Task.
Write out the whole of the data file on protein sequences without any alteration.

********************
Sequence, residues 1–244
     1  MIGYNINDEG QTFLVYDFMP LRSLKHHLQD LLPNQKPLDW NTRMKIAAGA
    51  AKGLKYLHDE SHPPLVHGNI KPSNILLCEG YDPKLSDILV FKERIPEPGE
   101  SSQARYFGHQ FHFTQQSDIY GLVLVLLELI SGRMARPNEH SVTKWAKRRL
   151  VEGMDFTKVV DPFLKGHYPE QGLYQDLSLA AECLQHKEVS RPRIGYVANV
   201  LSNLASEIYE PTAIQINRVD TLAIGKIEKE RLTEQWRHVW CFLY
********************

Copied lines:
Sequence, residues 1–244
     1  MIGYNINDEG QTFLVYDFMP LRSLKHHLQD LLPNQKPLDW NTRMKIAAGA
    51  AKGLKYLHDE SHPPLVHGNI KPSNILLCEG YDPKLSDILV FKERIPEPGE
   101  SSQARYFGHQ FHFTQQSDIY GLVLVLLELI SGRMARPNEH SVTKWAKRRL
   151  VEGMDFTKVV DPFLKGHYPE QGLYQDLSLA AECLQHKEVS RPRIGYVANV
   201  LSNLASEIYE PTAIQINRVD TLAIGKIEKE RLTEQWRHVW CFLY